Sunnah: The Devil's In The Details
What is sunnah?
Despite the inordinate level of reverence Muslims treat the Quran with, they show an awful lack of faith in it. They seem to believe that the book of God alone is insufficient, and reliance on a secondary source is a must. That secondary source, known as sunnah, is a compilation of all the sayings and life stories of the Holy Prophet.
The most widely followed is the compendium by Bukhari. To give you a clue of how massive this source is, the compendium contains 7,275 ahadith divided among nine volumes. Sahih al-Bukhari is just one of the six canonical collections of ahadith, which make up a total of more than 20,000 ahadith. If combined, they would form a book about fourteen times the size of the Quran itself.
How authentic is Bukhari?
Bukhari, widely considered the most authentic of the six compendiums, was completed around 846 A.D. – about 200 years after the death of the Holy Prophet. So basically, Bukhari was collecting quotes from Muhammad, including those on personal matters at home, from people who had never seen or heard the Prophet directly. They people were narrating stories of events that had been passed down from generation to generation by their ancestors.
Muslims place a remarkable level of trust in Bukhari’s work, and for reasons I’ll never comprehend. Firstly, let it be known that even Muslims don’t consider Bukhari as some kind of a messenger who received revelations from Allah to help him with his work. He was an average human being, and like all humans, was perfectly prone to making mistakes, if not deliberately manipulating the ahadith. Same goes for the narrators. The recall bias involved in such an endeavor would have to be, quite conceivably, enormous.
There’s a popular experiment teachers make you perform to help you understand how information gets distorted as it’s passed along a chain of narrators. They whisper a certain sentence to one person in the group (for example, “Get your troops to sunset point in sixteen minutes”). Then the person is supposed to whisper the same sentence to his colleague, who then passes it onto the third colleague and so on. By the time the information reaches the last person in the group, it would’ve changed to something completely different and even nonsensical (“Sixty troops are waiting in sunrise valley”).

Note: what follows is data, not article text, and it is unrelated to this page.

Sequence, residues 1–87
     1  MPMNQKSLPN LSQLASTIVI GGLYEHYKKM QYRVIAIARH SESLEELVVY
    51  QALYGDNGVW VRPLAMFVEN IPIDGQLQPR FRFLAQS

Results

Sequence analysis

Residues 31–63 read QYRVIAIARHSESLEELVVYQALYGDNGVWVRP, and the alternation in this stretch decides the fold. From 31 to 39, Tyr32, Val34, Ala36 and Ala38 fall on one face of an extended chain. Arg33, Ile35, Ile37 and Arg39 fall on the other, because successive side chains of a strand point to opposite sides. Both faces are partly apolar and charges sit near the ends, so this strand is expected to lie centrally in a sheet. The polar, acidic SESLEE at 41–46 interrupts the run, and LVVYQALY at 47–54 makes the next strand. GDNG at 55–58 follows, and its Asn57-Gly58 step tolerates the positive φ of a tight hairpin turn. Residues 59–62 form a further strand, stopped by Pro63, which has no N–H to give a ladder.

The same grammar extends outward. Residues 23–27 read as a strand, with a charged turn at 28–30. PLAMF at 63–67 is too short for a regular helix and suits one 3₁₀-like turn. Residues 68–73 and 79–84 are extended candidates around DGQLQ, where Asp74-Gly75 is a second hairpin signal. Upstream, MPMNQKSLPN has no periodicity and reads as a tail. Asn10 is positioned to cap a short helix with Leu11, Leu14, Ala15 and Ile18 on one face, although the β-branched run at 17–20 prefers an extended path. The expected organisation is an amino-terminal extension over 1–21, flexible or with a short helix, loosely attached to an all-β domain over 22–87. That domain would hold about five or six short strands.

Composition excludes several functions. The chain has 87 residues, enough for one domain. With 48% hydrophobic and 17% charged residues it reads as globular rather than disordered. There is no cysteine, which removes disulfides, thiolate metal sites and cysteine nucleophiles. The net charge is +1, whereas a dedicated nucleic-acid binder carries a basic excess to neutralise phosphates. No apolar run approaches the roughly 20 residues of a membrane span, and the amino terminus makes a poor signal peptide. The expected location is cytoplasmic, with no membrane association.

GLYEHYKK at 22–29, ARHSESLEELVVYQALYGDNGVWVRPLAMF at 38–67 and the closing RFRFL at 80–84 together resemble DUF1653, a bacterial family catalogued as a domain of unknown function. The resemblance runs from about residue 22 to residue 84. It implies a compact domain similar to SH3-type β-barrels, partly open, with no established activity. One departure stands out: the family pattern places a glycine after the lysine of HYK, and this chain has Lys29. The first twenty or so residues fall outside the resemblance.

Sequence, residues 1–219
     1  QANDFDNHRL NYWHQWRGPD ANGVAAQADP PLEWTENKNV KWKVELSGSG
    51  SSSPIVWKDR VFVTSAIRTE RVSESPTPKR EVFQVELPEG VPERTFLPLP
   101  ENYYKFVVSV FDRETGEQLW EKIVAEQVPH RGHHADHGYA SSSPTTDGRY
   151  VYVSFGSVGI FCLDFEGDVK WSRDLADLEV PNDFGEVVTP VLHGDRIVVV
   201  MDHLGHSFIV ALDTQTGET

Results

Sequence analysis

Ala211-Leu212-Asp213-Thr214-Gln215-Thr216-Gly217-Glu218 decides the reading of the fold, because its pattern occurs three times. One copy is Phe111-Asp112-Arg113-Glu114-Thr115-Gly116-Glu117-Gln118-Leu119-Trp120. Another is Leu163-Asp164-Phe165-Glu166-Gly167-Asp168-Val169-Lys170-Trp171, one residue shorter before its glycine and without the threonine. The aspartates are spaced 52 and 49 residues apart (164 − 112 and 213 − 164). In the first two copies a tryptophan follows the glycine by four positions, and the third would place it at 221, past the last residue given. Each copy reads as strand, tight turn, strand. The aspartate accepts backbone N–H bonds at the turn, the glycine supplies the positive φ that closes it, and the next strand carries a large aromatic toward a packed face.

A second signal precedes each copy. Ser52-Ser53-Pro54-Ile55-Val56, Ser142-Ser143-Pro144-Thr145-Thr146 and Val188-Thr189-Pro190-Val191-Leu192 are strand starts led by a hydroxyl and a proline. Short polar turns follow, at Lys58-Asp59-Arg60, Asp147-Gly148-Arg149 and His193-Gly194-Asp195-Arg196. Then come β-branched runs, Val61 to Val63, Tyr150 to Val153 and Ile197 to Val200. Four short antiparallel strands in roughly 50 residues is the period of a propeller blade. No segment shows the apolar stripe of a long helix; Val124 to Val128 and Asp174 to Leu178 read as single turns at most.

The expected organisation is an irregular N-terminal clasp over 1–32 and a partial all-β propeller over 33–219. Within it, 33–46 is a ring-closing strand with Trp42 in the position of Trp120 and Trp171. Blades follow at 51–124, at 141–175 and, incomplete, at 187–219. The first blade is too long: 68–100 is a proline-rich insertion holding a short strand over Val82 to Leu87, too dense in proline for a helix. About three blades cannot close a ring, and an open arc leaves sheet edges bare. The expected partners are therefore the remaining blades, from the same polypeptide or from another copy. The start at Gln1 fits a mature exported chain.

Muslims try to assure themselves of the compendium’s authenticity by considering the fact that the book contains a very small fraction of the original 300,000 ahadith that Bukhari collected, which were meticulously checked and only the most reliable ones selected.
But even that is not enough to guarantee word-to-word accuracy of what the Prophet actually said in his time. So basically, all those who blithely go around quoting Bukhari as actions and saying of Muhammad are really just quoting what other people claim to have been said or done by Muhammad.
Do Muslims need all this complexity anyway?
In my experience, sunnah is directly responsible for about 90% of the bickering that takes place among Muslims over Islamic edicts. Many of the ahadith collide head on with each other, causing the readers to go flitting off into different directions with regards to matters like beards, burkas, music, stoning, corporeal mortification, domestic violence and blasphemy.
My sincere advise to Muslims is that they stick to the basics. The Quran, in their own words, is the ultimate guidebook on how to get into heaven, so where does sunnah get into the picture? Or do you, as Muslims, believe that God wrote an incomplete and insufficient book that failed to provide all the information required for you to live a life acceptable to Him? So inefficient is the holy book that you must turn to a man-made source to compensate for His deficiencies?
Get back to the basics, and I bet my bottom rupee that a vast majority of the issues tearing the ummah asunder would disappear overnight.